Fort Worth Wills & Probate Lawyer, Texas

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Curtis L Fortinberry Lawyer

Curtis L Fortinberry

VERIFIED
Criminal, Wills & Probate, Slip & Fall Accident, Personal Injury, Divorce & Family Law

Curtis L. Fortinberry practices in Criminal, Car Accident, Slip & Fall Accident, Personal Injury, Divorce & Family Law. He graduated from Taxes Wesley... (more)

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CONTACT

800-660-7051

Paul Francis Wieneskie Lawyer

Paul Francis Wieneskie

State Appellate Practice, Wills, Business & Trade
Lin C. Morrisett Lawyer

Lin C. Morrisett

Estate, Wills & Probate, Trusts, Estate Planning, Wills
Meda Clemmentine Bourland Lawyer

Meda Clemmentine Bourland

Family Law, Commercial Real Estate, Criminal, Wills
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Dwain  Downing Lawyer

Dwain Downing

VERIFIED
Wills & Probate, Bankruptcy, Estate Planning, Divorce, Credit & Debt
Experienced and compassionate law firm

Hello, my name is Dwain Downing and if you are in need, I would like to be your attorney, To help you to know me a little better I would like to tell ... (more)

FREE CONSULTATION 

CONTACT

800-382-6050

Andrew J. Anderson Lawyer

Andrew J. Anderson

VERIFIED
Divorce & Family Law, Criminal, Divorce, Family Law, Wills
Providing prompt, aggressive legal advice for clients in the Dallas / Fort Worth Metroplex.

After practicing for almost a decade at well-respected Dallas law firms, Andrew J. Anderson decided to form Anderson Legal Group, P.C. The focus of t... (more)

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CONTACT

800-931-7141

Irene Frances Jackson Lawyer

Irene Frances Jackson

VERIFIED
Wills & Probate, Sexual Harassment, Employment, Federal Employees, Real Estate

Irene Jackson is a practicing attorney in the state of Texas. She received her J.D. from University of Texas School of Law in 1974. She currently work... (more)

Sheppard (Shep) Sands Lawyer

Sheppard (Shep) Sands

VERIFIED
Accident & Injury, Litigation, Business, Wills & Probate

As a successful trial attorney with a broad civil trial practice, Shep has obtained numerous jury verdicts as lead attorney, such as: wrongful death, ... (more)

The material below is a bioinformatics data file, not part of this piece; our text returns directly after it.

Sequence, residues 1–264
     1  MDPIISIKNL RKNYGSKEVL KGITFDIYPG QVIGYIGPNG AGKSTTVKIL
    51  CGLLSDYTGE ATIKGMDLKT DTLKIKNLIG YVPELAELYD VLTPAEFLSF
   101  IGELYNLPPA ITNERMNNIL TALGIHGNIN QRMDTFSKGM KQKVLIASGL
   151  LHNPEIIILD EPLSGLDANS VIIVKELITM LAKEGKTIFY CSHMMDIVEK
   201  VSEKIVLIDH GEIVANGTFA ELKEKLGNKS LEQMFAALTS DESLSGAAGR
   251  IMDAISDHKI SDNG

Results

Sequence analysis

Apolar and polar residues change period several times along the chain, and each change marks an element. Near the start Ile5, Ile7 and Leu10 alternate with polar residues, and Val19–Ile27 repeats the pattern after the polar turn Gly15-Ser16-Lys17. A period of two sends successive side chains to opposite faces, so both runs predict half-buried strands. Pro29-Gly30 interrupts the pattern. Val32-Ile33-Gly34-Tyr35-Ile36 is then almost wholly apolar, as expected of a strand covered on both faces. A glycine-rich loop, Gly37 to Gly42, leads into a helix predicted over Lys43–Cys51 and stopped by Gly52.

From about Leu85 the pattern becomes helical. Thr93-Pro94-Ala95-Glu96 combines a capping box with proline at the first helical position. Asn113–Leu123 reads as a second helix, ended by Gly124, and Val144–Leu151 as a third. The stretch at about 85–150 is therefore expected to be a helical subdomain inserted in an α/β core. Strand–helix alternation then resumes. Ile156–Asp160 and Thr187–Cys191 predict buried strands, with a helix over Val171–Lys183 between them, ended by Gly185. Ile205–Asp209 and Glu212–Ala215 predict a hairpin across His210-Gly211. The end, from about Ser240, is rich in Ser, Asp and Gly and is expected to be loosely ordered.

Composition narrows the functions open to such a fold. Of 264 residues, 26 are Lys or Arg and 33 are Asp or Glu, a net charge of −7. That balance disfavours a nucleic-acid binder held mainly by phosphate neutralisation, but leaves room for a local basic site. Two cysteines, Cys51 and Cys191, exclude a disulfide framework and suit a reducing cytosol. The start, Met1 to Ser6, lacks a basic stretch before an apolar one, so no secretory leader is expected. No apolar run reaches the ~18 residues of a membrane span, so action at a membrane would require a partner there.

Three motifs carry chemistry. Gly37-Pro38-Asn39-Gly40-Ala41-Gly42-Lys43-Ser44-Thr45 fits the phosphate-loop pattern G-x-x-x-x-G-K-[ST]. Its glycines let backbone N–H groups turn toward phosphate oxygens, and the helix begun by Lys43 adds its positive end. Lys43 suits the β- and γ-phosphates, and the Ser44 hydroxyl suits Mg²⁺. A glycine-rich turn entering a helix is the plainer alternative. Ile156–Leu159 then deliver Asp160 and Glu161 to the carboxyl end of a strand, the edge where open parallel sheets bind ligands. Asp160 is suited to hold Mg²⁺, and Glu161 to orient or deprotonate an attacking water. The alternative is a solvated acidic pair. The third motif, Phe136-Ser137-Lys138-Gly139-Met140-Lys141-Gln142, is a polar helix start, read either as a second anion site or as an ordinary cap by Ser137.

Ben Morton Barton Lawyer

Ben Morton Barton

VERIFIED
Divorce & Family Law, Juvenile Law, Wills & Probate, Personal Injury

Attorney Barton is a practicing lawyer in the state of Texas.

Byron L. Woolley Lawyer

Byron L. Woolley

VERIFIED
Wills & Probate, Litigation, Lawsuit, Condominiums, Estate Administration
Probate, Real Estate and Business Disputes resolved by negotiation and litigation.

*Martindale-Hubbell® Rating: AV® Preeminent™; *AVVO® Rating: 10.00; *Member College of the State Bar of Texas; *Licensed to practice la... (more)

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CONTACT

800-818-9390

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LEGAL TERMS

PROBATE

The court process following a person's death that includes proving the authenticity of the deceased person's will appointing someone to handle the deceased pers... (more...)
The court process following a person's death that includes proving the authenticity of the deceased person's will appointing someone to handle the deceased person's affairs identifying and inventorying the deceased person's property paying debts and taxes identifying heirs, and distributing the deceased person's property according to the will or, if there is no will, according to state law. Formal court-supervised probate is a costly, time-consuming process -- a windfall for lawyers -- which is best avoided if possible.

MARITAL LIFE ESTATE TRUST

See AB trust.

POWER OF APPOINTMENT

The legal authority to decide who will receive someone else's property, usually property held in a trust. Most trustees can distribute the income from a trust o... (more...)
The legal authority to decide who will receive someone else's property, usually property held in a trust. Most trustees can distribute the income from a trust only according to the terms of the trust, but a trustee with a power of appointment can choose the beneficiaries, sometimes from a list of candidates specified by the grantor. For example, Karin creates a trust with power of appointment to benefit either the local art museum, symphony, library or park, depending on the trustee's assessment of need.

LIFE BENEFICIARY

A person who receives benefits, under a trust or by will, for his or her lifetime. For an example, see AB trust.

STATUTORY SHARE

The portion of a deceased person's estate that a spouse is entitled to claim under state law. The statutory share is usually one-third or one-half of the deceas... (more...)